Aug. 10, 2007 -- An Orlando, Fla., court released video Friday of former astronaut Lisa Nowak hours after her arrest for allegedly attacking a woman whom she perceived to be her romantic rival.
The video shows Nowak sitting on the floor of a holding cell in the Orlando International Airport Feb. 5, 2007, the morning she was arrested after the incident in the parking lot of the airport.
In the video, Nowak can also be seen pacing around the tiny cell for several hours before she was questioned by police. She had asked for a lawyer but was told that nothing could be done about her request at that time.
"The video shows the isolation and exhaustion of an emotionally distraught Lisa Nowak, who had been interrogated over a period of 15 hours between her arrest and booking, all the while being deprived of food, sleep and a lawyer," Nowak's attorney Don Lykkebak said.
The video could be useful during Nowak's next court appearance later this month. Lykkebak has filed several motions with the court, asking Judge Marc Lubet to suppress her interview with Orlando Police Detective Chris Becton following her arrest.
Nowak is expected to testify at the daylong hearing Aug. 24.
Lykkebak has argued that Nowak was held in custody for three hours at the airport, followed by a five-hour interrogation.
His court filing states, "The defendant had been deprived of sleep and was not permitted a phone call."
Lykkebak wants her statement to police thrown out as evidence, along with everything seized from her car the morning of her arrest. He contends that the search of her car was illegal.
Nowak was arrested early on the morning of Feb. 5 after Air Force Capt. Colleen Shipman told police Nowak had attacked her with pepper spray in the parking lot of the airport. Shipman and Nowak were both dating another astronaut, Bill Oefelein.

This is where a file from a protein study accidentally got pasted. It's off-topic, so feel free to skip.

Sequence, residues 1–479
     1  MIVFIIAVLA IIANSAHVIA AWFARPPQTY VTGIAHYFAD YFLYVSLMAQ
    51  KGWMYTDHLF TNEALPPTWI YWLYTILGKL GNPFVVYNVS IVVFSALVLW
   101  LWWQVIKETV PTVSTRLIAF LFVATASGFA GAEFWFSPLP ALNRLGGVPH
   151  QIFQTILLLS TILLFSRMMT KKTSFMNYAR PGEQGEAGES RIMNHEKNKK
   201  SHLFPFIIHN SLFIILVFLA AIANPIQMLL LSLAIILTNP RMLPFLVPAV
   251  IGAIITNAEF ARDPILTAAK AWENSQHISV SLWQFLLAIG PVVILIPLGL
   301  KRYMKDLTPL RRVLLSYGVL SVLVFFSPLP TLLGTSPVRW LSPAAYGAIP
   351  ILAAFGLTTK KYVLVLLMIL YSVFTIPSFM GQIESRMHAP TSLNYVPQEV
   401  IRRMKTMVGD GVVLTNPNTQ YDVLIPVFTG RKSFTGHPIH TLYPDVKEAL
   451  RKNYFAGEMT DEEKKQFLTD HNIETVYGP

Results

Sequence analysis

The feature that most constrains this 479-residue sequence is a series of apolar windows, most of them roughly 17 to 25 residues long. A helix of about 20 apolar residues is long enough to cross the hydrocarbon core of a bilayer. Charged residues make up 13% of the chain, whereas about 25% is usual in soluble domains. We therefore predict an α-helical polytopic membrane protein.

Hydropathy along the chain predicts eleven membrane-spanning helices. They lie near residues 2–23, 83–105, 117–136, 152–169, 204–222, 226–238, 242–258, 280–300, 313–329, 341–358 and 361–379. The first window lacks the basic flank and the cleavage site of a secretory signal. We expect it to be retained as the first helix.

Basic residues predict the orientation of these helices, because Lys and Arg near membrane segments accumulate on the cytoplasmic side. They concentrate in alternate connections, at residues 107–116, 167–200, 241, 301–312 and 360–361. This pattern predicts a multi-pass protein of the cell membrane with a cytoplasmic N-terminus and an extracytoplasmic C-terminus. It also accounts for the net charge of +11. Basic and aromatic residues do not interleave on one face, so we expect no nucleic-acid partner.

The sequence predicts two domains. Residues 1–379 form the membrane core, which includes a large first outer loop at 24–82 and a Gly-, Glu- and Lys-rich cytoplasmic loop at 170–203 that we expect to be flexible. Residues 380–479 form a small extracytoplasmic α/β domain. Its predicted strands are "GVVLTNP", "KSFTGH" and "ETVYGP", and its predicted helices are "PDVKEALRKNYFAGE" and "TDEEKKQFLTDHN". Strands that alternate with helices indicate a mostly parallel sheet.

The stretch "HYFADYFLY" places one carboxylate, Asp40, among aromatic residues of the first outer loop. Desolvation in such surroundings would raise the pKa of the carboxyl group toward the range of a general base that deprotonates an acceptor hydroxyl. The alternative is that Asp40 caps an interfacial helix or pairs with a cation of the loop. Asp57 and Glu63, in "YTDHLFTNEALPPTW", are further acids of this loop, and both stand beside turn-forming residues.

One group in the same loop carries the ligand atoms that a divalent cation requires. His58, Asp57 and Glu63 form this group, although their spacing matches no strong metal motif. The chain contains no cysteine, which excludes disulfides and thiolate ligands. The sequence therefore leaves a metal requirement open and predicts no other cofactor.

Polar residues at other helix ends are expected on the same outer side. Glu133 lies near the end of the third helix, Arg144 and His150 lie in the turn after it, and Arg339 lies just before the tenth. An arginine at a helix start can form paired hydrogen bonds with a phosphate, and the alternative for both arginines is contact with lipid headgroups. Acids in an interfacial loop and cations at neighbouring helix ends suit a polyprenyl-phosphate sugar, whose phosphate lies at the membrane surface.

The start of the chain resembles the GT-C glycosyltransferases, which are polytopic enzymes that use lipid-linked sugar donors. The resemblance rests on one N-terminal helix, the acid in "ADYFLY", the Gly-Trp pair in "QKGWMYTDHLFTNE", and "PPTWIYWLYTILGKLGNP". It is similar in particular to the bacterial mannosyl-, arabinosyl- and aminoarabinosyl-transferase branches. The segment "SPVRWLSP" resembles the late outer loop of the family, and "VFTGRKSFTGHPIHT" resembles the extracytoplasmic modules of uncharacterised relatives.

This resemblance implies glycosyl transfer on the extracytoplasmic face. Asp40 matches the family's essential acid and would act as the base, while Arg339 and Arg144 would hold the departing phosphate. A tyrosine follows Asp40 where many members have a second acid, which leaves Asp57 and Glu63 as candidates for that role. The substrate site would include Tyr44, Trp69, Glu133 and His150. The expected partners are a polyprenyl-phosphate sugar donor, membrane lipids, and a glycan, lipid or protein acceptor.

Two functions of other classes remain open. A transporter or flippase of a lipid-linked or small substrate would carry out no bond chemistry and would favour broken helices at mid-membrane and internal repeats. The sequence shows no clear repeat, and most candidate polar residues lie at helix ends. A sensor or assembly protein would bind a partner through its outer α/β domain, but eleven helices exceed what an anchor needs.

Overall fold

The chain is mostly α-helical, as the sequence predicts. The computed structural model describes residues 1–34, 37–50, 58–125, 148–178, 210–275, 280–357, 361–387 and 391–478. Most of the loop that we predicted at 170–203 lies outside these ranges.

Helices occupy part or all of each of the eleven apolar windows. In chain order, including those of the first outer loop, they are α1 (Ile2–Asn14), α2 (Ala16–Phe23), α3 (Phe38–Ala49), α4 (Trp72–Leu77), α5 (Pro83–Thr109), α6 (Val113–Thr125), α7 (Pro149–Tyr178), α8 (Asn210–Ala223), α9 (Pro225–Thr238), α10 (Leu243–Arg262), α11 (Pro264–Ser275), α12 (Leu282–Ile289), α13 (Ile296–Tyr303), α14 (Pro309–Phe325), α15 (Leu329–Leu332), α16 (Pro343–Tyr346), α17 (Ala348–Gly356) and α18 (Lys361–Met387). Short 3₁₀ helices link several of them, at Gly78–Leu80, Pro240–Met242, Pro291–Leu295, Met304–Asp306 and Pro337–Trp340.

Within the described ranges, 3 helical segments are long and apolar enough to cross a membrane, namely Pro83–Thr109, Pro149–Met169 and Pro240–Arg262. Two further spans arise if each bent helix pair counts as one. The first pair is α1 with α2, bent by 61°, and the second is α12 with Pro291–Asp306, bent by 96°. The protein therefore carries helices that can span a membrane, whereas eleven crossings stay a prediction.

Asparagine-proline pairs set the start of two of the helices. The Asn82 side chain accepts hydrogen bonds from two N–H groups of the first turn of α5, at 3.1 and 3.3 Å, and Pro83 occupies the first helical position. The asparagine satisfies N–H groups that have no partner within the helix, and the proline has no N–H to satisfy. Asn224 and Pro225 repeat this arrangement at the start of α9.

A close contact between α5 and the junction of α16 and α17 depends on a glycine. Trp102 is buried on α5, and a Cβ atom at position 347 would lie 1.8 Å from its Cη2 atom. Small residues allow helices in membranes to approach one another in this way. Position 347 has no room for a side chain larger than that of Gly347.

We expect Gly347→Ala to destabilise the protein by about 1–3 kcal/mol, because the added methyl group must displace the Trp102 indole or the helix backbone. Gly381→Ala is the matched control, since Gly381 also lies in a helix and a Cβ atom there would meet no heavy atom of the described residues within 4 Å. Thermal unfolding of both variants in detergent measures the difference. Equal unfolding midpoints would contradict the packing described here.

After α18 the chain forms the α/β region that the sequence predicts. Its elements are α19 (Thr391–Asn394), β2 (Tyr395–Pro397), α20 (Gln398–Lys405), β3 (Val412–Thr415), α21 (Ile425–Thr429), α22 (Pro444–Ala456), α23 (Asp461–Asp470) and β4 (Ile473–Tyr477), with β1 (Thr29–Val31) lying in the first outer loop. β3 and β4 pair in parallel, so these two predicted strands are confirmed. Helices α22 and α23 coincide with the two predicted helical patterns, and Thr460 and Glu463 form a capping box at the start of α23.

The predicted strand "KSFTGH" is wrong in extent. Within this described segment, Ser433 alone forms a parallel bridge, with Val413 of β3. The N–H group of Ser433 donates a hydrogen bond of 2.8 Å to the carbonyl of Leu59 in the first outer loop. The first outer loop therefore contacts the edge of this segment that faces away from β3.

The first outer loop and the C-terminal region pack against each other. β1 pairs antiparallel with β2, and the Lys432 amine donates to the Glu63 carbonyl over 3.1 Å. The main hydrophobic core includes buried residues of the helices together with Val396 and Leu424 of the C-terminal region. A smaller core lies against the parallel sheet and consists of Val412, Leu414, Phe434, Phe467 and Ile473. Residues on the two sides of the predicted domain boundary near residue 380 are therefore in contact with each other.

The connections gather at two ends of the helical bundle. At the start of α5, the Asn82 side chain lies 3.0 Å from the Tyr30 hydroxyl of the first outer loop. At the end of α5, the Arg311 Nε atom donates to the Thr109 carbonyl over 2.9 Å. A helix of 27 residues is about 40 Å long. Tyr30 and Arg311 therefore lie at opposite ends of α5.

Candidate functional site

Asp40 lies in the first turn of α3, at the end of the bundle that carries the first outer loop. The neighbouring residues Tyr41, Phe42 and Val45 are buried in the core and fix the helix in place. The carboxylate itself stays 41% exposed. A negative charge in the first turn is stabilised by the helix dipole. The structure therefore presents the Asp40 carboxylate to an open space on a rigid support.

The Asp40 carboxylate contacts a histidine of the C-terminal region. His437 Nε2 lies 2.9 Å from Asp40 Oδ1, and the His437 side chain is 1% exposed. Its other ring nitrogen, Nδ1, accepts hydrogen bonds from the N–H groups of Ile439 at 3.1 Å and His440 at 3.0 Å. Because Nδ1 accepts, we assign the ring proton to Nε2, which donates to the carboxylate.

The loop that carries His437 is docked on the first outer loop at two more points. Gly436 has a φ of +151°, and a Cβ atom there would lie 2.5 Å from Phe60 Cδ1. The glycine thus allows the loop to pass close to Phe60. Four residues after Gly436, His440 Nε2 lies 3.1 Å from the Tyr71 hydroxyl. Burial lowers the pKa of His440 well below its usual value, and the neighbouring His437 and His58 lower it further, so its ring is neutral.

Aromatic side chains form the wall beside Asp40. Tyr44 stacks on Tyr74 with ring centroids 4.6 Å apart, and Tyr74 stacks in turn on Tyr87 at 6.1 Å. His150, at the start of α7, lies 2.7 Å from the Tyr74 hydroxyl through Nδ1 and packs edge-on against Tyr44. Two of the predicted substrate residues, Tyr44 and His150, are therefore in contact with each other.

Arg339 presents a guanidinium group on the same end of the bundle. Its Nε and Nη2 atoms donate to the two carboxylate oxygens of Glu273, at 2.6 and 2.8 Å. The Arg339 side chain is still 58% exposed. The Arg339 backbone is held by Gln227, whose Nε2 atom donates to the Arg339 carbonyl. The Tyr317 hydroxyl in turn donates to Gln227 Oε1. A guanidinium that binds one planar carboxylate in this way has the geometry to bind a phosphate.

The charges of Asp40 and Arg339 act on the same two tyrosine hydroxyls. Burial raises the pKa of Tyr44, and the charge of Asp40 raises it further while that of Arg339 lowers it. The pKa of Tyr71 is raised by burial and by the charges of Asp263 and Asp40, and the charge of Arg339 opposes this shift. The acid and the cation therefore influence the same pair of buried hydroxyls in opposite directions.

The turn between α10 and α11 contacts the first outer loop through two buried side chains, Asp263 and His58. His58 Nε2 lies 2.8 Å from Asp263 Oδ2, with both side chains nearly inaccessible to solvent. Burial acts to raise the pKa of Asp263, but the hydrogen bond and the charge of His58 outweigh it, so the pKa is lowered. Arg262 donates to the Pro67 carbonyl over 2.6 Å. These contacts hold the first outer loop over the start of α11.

Nowak is accused of attempted kidnapping and attempted burglary with assault; if convicted of these charges she could go to prison for a very long time.
Nowak's attorney also wants the court to let his client ditch the ankle monitoring bracelet she wears as a condition of her release.
His filing with the court says the cost of the bracelet -- $105 per week and $2,940 total since her arrest -- is a burden.
He argues the bracelet does not allow his client to supervise her small children in a pool or exercise, and the battery doesn't last very long.
"The low battery buzz and siren interfere with going to public places to eat or shop for basic necessities," he wrote in court filings. "When the siren goes off it draws excessive attention to the person wearing the device and to anyone with that person. Batteries are supposed to last 12 to 14 hours, but they are not consistent. Some buzz only after four to eight hours even though they show that they have a full charge."
The evidence that has been released since Nowak's arrest in February documents an affair between former astronauts Nowak and Oefelein that began while they were both married to other people. The affair ended when Oefelein met another woman. He apparently did not make a clean break with Nowak, and continued to see both women at the same time.
Nowak, in her statement to police, described driving cross country almost nonstop in order to confront Shipman after she returned home to Florida, following a romantic weekend in Houston with Oefelein.
The evidence seized that night included a BB gun, knife, tape, garbage bags and used diapers, which police say Nowak wore to avoid stopping to use the bathroom.
Her attorney said the diapers were left over supplies from Hurricane Rita.
Nowak and Oefelein have both been fired by NASA and returned to active duty with the Navy. Nowak's trial is scheduled to begin Sept. 24.